Naomh Anna the beating heart of their Connemara community
By John Harrington
The spectacular South Connermara islands of Eanach Mheáin, Leitir Móir, Garmna and Leitir Mealláin are connected by a series of causeways that allow the R374 to snake its way over the Atlantic Ocean.
The people of this archipelago are unified by more than a road, though. The real beating heart of their community is Naomh Anna GAA club, Leitir Móir.
Its presence on the islands is writ large in both brick and bone.
Their huge sports and leisure facility, Spórtlann Naomh Anna, is one of the very best of its kind in the whole of the country.
They also recently completed work on a new 300-seater viewing stand, new dressing-rooms, hurling walls and handball alleys at their club grounds.
Then there’s the remarkable level of participation within the club.
Despite their rural catchment area having a relatively small population, they field three senior men’s teams, two senior women’s teams, and boys and girls teams at every age-group.
Considering the vibrant energy within the club, it’s no surprise that success has followed.
On the same day they won the Galway Intermediate Football Championship two weeks ago, they also won the Ladies Football Galway West Board Senior Championship.
A few weeks before that the club’s U-17s defeated Caltra in the Galway U-17 ‘C’ Football Final.
“The club is really well run and a huge part of the community,” Naomh Anna senior football team manager, Ciarán Óg Ó Flatharta, told GAA.ie.
“We have great facilities. A huge amount of work has gone into them, and we take great pride in them.
“It's like you say, the GAA club is at the heart of our community. You could tell that by the amount of support we had at the county final, it was unreal, I've never seen anything like it in my life, I don’t think we’d anyone left at home.
“I'd say ever school-kid was there. To be fair to the club, they've done a huge amount of work with the youth and that really is the big driving force behind the whole thing.
“They decided to put a big focus on underage development a few years ago and it has just pushed on and pushed on ever since.
“Even this year it's gone up another step. The amount of work that's being done with youth teams is just fantastic.”
You get a good sense of the sort of club Naomh Anna are from the fact that their underage teams, both boys and girls, are largely coached and managed by members of the mens and ladies senior teams.
Not content with simply doing their parish proud by wearing the club jersey, they take such pride in their community that they’re keen to give back to it by bringing through the next generation of players.
“There's tonnes of the lads involved with all the underage teams and it’s the same with the women, a lot of the senior women are also training the underage teams,” says Ó Flatharta.
“That sort of attitude at the heart of everything with the club.
“Our U-17s won the county championship this year and six of the senior team are training those fellas. Seán Andy Ó Ceallaigh was the manager and then a load of the other lads were all mentors.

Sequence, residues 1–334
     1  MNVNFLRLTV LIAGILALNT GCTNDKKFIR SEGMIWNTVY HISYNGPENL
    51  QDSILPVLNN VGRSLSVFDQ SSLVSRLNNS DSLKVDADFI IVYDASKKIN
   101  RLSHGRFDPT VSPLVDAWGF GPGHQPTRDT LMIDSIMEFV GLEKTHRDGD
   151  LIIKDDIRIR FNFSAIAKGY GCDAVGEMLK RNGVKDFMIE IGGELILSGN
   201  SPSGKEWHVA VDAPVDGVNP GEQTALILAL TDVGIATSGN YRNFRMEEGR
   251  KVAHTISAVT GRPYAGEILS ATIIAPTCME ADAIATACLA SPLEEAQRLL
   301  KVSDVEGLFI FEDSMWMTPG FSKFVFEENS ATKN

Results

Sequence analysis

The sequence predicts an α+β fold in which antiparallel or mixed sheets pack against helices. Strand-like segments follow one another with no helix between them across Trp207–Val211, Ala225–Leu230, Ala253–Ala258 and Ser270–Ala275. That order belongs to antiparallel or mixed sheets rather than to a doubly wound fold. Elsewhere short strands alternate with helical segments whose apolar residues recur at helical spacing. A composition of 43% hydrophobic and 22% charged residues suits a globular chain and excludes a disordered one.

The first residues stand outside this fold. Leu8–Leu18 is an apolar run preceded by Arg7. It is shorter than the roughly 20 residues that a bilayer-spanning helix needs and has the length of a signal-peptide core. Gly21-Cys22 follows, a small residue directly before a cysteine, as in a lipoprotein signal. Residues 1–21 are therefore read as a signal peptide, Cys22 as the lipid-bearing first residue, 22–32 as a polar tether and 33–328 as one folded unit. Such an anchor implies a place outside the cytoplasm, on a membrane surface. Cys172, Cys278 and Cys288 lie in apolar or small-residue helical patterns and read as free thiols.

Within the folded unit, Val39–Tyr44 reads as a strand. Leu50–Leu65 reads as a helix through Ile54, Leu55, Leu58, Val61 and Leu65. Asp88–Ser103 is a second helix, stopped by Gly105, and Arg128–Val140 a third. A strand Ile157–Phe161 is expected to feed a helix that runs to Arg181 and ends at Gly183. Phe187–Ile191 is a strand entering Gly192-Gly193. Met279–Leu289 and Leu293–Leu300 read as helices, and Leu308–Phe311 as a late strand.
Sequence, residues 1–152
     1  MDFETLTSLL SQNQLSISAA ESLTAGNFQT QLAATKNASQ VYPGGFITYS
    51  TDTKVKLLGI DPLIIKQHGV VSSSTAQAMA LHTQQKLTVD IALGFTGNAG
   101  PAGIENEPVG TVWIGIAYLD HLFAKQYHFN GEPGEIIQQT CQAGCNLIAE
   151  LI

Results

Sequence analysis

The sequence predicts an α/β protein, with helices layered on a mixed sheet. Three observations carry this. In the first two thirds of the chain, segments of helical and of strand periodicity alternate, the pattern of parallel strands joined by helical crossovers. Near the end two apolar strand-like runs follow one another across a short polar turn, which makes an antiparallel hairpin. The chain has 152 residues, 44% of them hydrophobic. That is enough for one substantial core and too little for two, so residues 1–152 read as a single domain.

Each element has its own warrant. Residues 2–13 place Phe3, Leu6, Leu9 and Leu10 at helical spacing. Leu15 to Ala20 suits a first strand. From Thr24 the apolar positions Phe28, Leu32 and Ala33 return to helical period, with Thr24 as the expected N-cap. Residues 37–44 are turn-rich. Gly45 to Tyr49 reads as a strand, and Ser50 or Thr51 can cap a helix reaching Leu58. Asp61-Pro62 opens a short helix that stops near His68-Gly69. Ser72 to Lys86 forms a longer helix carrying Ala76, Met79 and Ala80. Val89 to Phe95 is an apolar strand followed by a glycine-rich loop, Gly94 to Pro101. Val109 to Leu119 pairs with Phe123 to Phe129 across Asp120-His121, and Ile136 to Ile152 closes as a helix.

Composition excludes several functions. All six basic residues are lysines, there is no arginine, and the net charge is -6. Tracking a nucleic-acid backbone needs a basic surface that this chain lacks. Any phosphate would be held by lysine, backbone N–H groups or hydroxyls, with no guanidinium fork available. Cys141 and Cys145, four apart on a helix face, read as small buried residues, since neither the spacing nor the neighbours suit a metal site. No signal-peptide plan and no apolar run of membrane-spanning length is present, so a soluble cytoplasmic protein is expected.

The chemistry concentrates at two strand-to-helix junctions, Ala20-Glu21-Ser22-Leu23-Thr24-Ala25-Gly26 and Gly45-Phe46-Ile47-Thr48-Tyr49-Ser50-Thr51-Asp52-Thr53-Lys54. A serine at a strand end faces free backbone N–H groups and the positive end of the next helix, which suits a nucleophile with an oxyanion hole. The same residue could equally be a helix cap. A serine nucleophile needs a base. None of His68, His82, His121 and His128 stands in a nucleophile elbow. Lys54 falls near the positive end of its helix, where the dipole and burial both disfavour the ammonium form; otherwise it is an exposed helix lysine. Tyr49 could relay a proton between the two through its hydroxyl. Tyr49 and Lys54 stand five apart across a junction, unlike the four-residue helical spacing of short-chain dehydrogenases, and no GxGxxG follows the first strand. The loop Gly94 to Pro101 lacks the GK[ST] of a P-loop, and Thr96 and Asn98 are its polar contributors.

“It's the same with the women. The minors, U-16s, U-14s, U-12s, u-10s, are all managed by senior players. The club executive are a great support as well behind everything and that helps an awful lot.”
You’ll get a flavour of just how passionate Naomh Anna club-members are about their football if you watch the video highlights of their Galway Intermediate Football Final win over Dunmore McHales.
The noise that greeted every Naomh Anna score was seismic, and the explosion of emotion that greeted the final whistle spoke volumes too.
“It was huge,” says Ó Flatharta. “We came home and there was a huge crowd at our pitch again afterwards, it was great. The buzz in the whole community since, even now, you can still sense it.
“It's huge for the community, especially after the year that we've had. Everyone missed football when it was gone for however long it was.
“The Final wasn't our best game, in fairness. But, look, it doesn't matter, to be honest. As someone said the night before the game, Finals are for winning, it doesn't matter how you do it. And that's exactly how it turned out.
“We have the skillset, the legs, and the heart and we always knew that. We were up against it a few times this year.
“We lost the second match in the Championship, we were well-beaten by Headford, so we had to win the last match against Micheál Breathnach by seven points or more to go through which we did.
“Then we just squeezed past Killererin, squeezed past the Aran Islands, and squeezed past Dunmore. Every match has come down to the wire.”
Ó Flatharta is expecting their next one, Saturday’s AIB Connacht Intermediate Quarter-Final against Leitrim champions, St Patrick’s Dromahair, to be another game in the same vein.
“We really need to push on now, we really do,” he says. “This is a huge game at the weekend and we're under no illusions about how tough it's going to be.
“This thing of people saying it's a Galway club and they're a Leitrim club so we should be winning, we don't buy into that for one second. We know these fellas, Dromahair, and they're a good team.
“You don't win a county championship by being a bad team, regardless of the county, so we know exactly what we're up against and it's going to be a huge test. It's going to be a very tough test.
“In 2009 we played Cloone from Leitrim and we only barely beat them. We probably didn't deserve to win it, but we did by a point in the end.
“So we're under no illusions, we know this is going to be a huge test on Saturday.”